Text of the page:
I’ve spent a lot of time getting to know Loretta Lynn this year. When you spend time thinking about someone non-stop, you see all the things you might have missed before, and that happened with Loretta. Where she was once, to me, one of several classic country singers with great songs and an intriguing life story, she is now full of sparkling life, provoking the country establishment and poking at feminist thought long before most of her contemporaries. She is unafraid and unapologetically herself regardless of the criticism she might face. She’s full of feistiness and energy, still getting songs in one take, into her 80s.
And when I think about her, and get all teary-eyed watching her receive Kennedy Centre Honours or winning the first CMA Entertainer of the Year award that went to a woman, I wonder, why hasn’t there been another Loretta? Sure, others try: Gretchen Wilson, Miranda Lambert, Neko Case, but nobody’s quite getting it.
Well, if you’ve been thinking the same thing, wait no longer: I think Mariel Buckley is the new Loretta Lynn.
Tall expectations to live up to, Mariel, so I’m sorry for throwing that down in this review. I really think, though, that I might be right here.
Mariel Buckley, a native of Calgary, Alberta, is somehow capturing the spirit of Loretta that isn’t available in anyone else’s music at the moment. She too is speaking her mind, offering a straight-up, no-nonsense set of songs that go back to earlier country styles. She’s joking, ruminating, flirting, thinking, in the way that Loretta did on some of her classic songs. Throw in a little Joan Jett, and you’ve got a songwriter who’s going to grab a lot of listeners (like me) who are disillusioned with country’s offerings as of late.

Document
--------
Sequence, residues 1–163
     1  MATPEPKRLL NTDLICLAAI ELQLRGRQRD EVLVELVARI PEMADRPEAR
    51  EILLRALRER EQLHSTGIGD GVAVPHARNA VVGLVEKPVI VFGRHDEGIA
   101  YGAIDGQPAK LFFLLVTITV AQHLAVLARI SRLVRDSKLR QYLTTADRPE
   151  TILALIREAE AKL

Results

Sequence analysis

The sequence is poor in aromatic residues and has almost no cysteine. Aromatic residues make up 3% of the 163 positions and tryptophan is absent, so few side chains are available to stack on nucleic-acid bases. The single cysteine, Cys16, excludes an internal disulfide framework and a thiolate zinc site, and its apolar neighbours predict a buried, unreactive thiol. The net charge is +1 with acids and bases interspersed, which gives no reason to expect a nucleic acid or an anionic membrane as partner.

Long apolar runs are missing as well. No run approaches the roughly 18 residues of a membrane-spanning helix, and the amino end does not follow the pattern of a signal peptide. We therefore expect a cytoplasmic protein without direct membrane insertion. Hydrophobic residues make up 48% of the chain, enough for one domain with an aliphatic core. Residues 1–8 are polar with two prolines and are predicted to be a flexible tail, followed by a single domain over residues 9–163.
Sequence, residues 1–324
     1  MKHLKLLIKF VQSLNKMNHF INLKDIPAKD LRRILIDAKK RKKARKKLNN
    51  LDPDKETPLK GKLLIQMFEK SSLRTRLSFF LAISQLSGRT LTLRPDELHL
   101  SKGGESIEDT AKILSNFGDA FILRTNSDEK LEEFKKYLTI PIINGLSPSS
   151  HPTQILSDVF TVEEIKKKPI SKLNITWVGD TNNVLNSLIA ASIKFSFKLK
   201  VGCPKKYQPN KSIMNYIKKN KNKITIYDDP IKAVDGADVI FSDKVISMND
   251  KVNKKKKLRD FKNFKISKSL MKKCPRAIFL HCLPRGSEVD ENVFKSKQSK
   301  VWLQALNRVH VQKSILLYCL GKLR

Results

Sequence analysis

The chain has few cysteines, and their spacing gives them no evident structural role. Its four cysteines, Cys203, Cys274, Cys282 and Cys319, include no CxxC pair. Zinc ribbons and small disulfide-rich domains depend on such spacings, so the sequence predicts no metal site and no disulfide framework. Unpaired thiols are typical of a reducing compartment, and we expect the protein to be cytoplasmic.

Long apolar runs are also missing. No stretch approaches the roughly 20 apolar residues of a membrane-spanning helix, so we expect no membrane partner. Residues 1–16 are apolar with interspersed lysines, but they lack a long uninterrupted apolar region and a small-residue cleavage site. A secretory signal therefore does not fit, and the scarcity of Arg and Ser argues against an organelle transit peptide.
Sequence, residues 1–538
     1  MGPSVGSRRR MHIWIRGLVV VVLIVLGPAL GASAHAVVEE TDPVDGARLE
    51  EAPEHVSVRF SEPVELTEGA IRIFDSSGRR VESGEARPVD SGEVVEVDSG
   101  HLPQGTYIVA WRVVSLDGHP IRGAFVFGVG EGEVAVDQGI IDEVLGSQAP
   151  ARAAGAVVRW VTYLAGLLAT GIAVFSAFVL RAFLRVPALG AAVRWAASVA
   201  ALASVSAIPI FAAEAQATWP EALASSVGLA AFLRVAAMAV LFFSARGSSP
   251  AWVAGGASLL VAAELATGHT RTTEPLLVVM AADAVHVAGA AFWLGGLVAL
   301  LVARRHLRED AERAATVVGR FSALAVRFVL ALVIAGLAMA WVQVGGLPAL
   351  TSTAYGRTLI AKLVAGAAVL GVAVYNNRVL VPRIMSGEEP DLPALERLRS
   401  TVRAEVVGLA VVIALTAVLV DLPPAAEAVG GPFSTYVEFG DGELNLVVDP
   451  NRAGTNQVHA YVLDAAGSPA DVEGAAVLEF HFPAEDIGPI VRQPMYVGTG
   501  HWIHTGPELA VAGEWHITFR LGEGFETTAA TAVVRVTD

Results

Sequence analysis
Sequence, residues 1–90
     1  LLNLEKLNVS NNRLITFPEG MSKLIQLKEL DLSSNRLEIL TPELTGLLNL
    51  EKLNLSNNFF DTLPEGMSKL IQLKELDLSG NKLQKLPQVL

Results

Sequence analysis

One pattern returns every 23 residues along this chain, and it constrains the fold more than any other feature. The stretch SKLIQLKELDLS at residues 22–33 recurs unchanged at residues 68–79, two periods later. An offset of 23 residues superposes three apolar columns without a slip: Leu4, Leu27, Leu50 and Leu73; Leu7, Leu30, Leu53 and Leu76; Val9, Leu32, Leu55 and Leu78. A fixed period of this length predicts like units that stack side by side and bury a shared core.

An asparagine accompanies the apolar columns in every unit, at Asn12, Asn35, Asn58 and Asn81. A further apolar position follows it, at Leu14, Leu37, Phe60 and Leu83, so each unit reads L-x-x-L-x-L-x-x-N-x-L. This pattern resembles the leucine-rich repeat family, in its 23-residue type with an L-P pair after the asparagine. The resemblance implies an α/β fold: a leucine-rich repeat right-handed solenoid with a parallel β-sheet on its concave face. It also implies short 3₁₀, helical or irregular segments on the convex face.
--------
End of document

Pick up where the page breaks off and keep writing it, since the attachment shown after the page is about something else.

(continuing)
Motorhome is Buckley’s first full-length album. Recorded in Alberta under the production of Derek Pulliam (T. Buckley) and using a backing band that is pulled from Calgary’s best –Pulliam on bass, brother T. Buckley on guitar, Charlie Hase on steel, Scott Duncan on fiddle – the album is a wander through Mariel’s relationships, thoughts on relationships, and observations of life around her. She veers from rockabilly (“Big Big Love”) to more delicate folk arrangements (“Alberta Rose”); honky tonk dance tunes (“Ramblin’ Woman”) to surfy, moody road tunes “(Seven Hundred Miles”).
The middle of the album takes an introspective turn through the title track and on to “Working Man,” a song that details the misery of the grind felt by most men under the upper-middle-class income line (“I’m gonna die with nothing to show…”). Following those two are “Trouble Is” and “My Brother, My Friend”, another eerie tune with atmospheric steel guitar and Buckley singing in a subdued, husky voice that somehow encapsulates all we envision about the old West.
Things pick up after that middle section; the album finishes with a series of songs that bring the fun back. Buckley isn’t afraid of spinning herself, or her characters, as fucked-up philanderers jockeying for a good time before they consider their impact. Take for instance, the line in “If I Were You”: “Well, you can turn back right now, you can sound the alarm/ I’ve got the coldest of hearts and I won’t see you through/ I’d run away if I were you.” Or how about: “Before we’re even kissing, I’ve already made other plans” in “Ramblin’ Woman”.
Vocally, Buckley adapts an unadorned style that to me evokes Jett in “Androgynous” – a welcome relief from the distracting acrobatics of the Carrie Underwoods of the world. She knows how to direct her band to support her too; they appear for snappy fills while she takes short breaks, but they never distract from the message of the lyrics with long-winded solos.
Mariel has been playing these killer tunes all over Calgary lately, so if you want a chance to catch her live, that’s the place to be. She has a full-band show at Wine-Ohs on January 29. If you can’t make it there, check her out here. Thank me when she becomes the next Loretta. I said it first.
Here's her website: http://www.marielbuckley.com/